Los Angeles County seeks to commemorate the victims of COVID-19 – NBC Los Angeles

On Tuesday, the Los Angeles Board of Supervisors passed a motion ordering the Director of Arts and Culture and the Director of Public Health to work with the public to develop ideas for a memorial in honor of Los Angeles residents who have died in cause of COVID-19.

Supervisor Hilda Solis’s motion requires a six-month report with ideas to honor those who died from COVID-19, as well as expected costs and timelines for suggestions.

Solis wrote in his motion that the county should use the arts to create a memorial in a way that is open, accessible, and positively impacts the mental and physical health of all communities to “allow Angelenos to express their pain and to heal”.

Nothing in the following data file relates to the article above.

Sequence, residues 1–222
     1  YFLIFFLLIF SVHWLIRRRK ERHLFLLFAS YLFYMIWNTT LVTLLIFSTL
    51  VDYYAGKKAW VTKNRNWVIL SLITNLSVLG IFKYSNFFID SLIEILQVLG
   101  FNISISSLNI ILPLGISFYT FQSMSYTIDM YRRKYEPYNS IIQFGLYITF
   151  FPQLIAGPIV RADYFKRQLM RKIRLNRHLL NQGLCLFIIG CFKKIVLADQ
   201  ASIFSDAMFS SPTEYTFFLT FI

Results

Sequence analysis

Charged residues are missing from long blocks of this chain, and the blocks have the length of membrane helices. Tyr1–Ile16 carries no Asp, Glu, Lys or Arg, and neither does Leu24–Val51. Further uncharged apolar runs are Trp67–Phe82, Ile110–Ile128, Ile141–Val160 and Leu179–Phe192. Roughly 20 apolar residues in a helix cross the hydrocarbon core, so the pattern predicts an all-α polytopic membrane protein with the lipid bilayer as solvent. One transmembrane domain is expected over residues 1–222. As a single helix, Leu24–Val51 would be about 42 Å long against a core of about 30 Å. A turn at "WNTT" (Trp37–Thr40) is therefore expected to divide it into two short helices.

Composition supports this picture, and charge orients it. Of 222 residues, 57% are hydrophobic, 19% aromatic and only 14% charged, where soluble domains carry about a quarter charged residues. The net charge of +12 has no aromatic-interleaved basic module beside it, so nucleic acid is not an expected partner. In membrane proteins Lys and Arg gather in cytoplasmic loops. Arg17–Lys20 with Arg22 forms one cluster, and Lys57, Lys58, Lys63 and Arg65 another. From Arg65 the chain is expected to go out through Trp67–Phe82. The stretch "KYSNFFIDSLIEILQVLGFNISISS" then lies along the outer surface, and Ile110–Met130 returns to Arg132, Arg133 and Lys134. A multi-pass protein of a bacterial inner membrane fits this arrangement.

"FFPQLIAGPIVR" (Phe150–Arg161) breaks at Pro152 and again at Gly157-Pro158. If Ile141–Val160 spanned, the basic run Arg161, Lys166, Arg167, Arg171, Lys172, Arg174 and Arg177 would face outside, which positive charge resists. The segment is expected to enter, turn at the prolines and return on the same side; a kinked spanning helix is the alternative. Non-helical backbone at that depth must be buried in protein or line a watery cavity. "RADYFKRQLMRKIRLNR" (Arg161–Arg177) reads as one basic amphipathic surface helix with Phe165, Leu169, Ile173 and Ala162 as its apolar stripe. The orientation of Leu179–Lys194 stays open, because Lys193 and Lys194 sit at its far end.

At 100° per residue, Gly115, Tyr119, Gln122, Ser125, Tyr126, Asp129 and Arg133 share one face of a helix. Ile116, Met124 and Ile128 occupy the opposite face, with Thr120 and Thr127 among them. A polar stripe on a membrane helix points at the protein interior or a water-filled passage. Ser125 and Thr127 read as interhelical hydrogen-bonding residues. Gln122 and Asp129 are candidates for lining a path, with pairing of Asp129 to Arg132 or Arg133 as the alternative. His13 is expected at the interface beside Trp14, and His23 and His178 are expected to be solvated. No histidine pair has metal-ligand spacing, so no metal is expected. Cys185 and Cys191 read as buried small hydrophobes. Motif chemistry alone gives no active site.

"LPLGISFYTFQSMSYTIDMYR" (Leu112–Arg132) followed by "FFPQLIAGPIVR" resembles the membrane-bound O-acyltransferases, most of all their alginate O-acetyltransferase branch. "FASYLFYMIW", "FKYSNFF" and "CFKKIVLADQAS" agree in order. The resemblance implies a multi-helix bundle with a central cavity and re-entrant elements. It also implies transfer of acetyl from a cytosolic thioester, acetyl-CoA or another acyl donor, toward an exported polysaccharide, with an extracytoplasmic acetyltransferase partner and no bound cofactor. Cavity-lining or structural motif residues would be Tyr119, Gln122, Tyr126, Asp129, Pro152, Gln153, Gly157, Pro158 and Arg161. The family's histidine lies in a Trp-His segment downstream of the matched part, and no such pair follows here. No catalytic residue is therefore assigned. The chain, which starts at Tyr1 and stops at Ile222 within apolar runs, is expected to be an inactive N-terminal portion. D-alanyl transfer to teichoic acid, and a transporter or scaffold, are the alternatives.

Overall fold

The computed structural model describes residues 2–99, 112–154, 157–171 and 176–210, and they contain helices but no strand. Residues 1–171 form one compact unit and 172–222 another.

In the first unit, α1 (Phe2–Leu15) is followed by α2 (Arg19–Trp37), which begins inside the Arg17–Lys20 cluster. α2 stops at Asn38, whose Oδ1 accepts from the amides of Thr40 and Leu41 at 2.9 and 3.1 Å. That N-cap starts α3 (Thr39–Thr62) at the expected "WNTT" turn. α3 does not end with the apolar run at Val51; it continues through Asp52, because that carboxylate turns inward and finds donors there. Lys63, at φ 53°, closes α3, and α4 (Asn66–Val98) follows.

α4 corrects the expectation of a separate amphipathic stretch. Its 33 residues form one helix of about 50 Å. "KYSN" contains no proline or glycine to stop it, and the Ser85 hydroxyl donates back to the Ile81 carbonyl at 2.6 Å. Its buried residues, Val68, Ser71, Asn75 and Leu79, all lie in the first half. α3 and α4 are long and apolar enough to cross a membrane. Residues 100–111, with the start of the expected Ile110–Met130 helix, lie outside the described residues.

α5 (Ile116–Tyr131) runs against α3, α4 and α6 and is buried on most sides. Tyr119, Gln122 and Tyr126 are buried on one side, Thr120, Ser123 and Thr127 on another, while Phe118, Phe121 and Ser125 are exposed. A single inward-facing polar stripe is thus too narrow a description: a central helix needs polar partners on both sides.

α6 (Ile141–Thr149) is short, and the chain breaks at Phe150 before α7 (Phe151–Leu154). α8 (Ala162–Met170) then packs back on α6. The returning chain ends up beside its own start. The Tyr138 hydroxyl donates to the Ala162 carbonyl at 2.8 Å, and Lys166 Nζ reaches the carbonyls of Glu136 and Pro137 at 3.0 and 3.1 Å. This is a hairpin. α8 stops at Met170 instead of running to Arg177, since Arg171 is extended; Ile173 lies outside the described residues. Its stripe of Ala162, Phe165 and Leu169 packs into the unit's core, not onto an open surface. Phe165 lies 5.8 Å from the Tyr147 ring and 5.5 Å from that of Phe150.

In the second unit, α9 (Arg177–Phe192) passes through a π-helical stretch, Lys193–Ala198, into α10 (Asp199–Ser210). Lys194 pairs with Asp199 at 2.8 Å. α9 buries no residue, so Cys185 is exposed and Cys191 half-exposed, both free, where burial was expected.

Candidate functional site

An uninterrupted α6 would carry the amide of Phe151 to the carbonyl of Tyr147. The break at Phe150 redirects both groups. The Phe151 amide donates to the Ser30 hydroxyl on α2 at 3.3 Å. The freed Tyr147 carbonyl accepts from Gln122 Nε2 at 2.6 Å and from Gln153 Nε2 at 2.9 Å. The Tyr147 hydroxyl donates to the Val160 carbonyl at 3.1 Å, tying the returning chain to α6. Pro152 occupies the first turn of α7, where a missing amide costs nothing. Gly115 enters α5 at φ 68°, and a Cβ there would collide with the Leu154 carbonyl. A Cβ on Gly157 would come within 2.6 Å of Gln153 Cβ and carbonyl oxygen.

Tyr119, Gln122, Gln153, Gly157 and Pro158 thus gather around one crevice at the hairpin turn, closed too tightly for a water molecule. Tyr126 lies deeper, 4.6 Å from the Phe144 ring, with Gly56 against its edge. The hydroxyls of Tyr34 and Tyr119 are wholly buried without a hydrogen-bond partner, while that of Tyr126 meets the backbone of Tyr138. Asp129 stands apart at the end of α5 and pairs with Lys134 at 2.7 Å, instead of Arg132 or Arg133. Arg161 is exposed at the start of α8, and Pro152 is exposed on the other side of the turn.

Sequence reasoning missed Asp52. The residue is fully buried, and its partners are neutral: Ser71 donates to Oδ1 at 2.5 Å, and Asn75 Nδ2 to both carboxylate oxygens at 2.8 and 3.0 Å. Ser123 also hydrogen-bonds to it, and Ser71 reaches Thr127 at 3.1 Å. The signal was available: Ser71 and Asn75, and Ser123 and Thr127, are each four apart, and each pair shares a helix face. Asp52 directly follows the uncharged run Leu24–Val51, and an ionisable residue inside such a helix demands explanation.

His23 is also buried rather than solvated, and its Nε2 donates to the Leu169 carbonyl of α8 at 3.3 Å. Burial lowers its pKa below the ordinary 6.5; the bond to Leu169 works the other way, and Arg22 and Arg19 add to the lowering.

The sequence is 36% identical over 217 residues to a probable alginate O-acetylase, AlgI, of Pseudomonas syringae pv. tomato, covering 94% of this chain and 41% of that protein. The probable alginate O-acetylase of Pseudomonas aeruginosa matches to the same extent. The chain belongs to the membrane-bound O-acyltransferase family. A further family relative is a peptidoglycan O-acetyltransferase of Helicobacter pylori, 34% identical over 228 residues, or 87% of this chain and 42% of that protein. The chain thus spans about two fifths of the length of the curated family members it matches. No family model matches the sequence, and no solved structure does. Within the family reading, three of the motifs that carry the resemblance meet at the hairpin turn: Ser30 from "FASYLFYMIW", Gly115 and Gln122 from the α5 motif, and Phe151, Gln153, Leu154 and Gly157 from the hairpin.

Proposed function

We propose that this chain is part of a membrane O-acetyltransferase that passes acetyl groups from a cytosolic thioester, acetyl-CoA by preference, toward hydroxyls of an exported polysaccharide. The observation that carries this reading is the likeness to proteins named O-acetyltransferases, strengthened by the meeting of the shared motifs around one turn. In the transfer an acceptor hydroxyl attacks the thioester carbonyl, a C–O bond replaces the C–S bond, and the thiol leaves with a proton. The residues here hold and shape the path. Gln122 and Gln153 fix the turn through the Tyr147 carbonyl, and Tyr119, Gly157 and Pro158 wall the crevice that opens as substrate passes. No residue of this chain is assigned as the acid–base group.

According to the Department of Public Health, more than 33,500 people have died in the city from COVID-19 since the start of the pandemic.

“Each of these lives represents much more than just a statistic,” the motion states.

Cumulatively, the cases and death rates among black residents are 1.2
and 1.7 times higher than the case and death rates among white residents, respectively. The disparities are even greater for Latino residents, with their case and mortality rates 1.7 and 2.5 times higher, respectively, than among white residents. “

President Joe Biden believes the COVID-19 pandemic in the United States is “over”, although he assures that his government continues to work against the problems generated by the coronavirus.

The motion notes that vaccines and other therapies have helped reduce the impact of the virus.

“However, it is important to remember and commemorate the residents we have lost, especially using the healing means of the arts,” according to the motion.

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